Thursday, May 5, 2011

A Different Perspective

I hate job interviews. My palms get clammy and I sweat profusely. After the interview I go back through my answers and kick myself for the poor ones. All in all, it is not my favorite experience.

Last week I got a chance to be on the other side of an interview and it was an interesting experience. One of the projects I am currently working on is a prevention project that employs young women volunteers to serves as "peer educators" for their neighborhoods. They are expected to meet regularly with people (especially young women) and discuss various prevention topics. We are starting a new year of the project and wanted to hire 8 new peer educators.

There were 13 applicants and we sat down for a full day of interviews. I really wanted to try to get the project officers to evaluate the applicants objectively rather than just making a decision based on opinion. I created an evaluation sheet that had 10 basic questions. Each of us took turns asking the questions and then we would rate the applicant's response on a 1-10 scale. It wasn't exactly scientific but I felt like it worked well.

We did all the interviews in about 4 1/2 hours and I was exhausted by the end. It really is draining to ask to the same question over and over and try to get a feel for how a person is. It was weird to watch the different applicants' reactions to questions and to just being in the interview. Many of them squirmed in their seats. Some never looked at us in the eye, and a few we had to ask to speak up because we couldn't hear their responses.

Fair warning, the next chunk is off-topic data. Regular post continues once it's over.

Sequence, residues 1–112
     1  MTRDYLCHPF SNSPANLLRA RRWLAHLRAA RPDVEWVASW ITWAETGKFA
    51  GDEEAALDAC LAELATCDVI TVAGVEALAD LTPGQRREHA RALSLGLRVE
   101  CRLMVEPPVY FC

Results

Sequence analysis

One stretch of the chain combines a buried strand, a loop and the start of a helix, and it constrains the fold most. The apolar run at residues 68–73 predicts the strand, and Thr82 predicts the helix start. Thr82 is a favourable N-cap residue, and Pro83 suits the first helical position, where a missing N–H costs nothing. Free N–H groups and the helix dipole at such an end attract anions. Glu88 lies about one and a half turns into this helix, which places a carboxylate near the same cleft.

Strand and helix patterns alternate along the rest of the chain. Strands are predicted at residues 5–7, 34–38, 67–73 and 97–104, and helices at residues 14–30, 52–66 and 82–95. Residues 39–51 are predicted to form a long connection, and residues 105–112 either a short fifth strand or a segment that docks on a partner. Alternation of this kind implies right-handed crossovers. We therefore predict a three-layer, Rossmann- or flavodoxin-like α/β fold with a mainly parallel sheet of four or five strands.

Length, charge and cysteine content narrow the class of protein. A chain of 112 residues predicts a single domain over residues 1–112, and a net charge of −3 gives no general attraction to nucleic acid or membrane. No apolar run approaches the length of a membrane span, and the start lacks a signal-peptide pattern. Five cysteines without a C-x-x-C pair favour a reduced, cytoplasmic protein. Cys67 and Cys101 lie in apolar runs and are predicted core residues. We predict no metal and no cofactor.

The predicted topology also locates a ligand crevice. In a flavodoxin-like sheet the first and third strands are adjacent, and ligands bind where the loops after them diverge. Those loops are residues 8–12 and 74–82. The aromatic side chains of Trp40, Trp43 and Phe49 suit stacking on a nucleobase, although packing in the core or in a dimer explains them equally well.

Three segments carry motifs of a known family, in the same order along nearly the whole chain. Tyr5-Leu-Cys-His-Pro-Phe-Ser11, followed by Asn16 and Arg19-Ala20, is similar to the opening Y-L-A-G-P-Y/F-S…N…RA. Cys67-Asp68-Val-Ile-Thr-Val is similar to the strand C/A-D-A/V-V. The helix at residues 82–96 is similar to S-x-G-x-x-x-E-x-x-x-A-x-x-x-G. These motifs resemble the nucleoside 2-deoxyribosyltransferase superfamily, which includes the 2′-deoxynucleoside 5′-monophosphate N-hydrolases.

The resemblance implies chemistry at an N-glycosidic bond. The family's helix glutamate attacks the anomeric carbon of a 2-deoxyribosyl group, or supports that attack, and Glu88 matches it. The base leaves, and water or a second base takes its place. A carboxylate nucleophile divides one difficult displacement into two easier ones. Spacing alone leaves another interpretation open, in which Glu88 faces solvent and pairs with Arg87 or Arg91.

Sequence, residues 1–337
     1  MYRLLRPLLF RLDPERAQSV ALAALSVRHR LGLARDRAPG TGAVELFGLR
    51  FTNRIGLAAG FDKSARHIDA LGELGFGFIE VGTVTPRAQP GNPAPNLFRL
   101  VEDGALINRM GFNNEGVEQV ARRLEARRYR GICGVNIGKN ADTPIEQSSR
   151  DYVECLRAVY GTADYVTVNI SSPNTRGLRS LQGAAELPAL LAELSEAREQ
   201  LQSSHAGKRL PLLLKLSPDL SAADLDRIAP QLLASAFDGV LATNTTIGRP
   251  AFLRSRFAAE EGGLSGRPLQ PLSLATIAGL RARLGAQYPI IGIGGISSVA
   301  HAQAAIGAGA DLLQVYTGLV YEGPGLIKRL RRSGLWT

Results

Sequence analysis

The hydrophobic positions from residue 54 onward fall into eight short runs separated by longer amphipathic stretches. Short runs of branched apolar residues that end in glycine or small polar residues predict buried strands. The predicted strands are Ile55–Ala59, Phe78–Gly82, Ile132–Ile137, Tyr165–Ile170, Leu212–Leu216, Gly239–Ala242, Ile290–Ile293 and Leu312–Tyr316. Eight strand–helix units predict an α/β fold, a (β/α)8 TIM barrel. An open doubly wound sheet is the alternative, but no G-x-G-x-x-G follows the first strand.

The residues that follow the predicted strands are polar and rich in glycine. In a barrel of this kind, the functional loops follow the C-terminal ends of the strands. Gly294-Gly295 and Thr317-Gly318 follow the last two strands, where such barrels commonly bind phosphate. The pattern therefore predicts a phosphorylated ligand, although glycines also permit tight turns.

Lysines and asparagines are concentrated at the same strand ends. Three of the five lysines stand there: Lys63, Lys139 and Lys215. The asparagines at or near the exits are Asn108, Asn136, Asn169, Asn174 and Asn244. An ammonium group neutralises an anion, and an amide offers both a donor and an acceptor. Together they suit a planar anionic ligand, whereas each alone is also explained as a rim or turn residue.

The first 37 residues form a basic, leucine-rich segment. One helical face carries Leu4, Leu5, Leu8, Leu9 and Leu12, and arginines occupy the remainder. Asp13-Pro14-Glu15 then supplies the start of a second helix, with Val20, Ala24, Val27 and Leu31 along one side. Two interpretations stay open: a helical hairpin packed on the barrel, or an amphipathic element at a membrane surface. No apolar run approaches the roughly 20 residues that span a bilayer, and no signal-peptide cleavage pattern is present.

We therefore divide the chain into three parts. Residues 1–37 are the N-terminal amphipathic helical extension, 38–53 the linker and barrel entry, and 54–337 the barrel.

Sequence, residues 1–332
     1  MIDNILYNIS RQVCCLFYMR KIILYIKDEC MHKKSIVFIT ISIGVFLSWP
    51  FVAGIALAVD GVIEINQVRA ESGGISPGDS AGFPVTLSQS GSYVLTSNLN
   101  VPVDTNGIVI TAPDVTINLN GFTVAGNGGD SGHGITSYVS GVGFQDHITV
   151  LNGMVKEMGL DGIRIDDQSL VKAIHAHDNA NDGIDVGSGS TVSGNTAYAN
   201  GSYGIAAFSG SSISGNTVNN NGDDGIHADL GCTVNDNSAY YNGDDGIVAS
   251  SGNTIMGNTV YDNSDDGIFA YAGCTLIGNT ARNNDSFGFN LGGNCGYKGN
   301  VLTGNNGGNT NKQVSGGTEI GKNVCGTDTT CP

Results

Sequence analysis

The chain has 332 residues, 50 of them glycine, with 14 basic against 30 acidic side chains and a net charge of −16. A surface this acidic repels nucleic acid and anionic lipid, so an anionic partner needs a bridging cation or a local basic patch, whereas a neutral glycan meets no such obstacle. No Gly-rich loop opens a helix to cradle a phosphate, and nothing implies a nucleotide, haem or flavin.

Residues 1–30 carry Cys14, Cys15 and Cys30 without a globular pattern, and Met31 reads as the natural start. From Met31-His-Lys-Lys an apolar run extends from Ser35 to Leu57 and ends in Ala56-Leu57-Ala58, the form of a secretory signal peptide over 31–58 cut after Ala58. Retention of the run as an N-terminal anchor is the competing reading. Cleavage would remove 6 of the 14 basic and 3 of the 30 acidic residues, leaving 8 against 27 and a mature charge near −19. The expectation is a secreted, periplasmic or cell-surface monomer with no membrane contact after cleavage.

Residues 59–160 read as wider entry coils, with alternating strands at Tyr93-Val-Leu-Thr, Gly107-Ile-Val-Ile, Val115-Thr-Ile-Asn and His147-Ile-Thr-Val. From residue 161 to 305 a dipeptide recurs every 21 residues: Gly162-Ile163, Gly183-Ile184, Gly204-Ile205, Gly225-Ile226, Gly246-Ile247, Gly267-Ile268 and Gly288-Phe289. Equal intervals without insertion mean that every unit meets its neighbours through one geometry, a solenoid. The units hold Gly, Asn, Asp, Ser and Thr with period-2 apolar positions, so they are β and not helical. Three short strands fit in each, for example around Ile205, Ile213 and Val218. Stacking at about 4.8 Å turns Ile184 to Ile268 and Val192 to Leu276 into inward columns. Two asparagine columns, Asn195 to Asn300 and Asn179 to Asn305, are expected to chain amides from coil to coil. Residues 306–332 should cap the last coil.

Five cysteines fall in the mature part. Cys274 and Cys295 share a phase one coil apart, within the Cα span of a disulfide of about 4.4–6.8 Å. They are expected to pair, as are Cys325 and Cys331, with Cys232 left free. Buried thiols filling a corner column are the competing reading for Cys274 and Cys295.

As an American, the behavior was surprising. We are taught to look people in the eye, act confident, and speak firmly. Its just a different culture here (obviously) , and one that is very indirect. I tried very hard not to let some of these things influence my scores, but I imagine they still did.

The most interesting part for me came at the end when I went to compile the questionnaires and get an average score for each applicant. There were 10 interview questions with a maximum score of 10 for each question, meaning the best possible score would be a 100. The highest score I gave was a 94 and I had 4 scores above a 75. The highest score the other 3 interviewers gave was a 66 and their combined average was around a 50. I was surprised to see how hard the other interviewers has graded the responses.

Overall, I was very happy with how the day went and think we got some good people to help on this project. Also, I think I learned more from doing this simple interview than I ever did from doing mock interviews and practicing interview questions.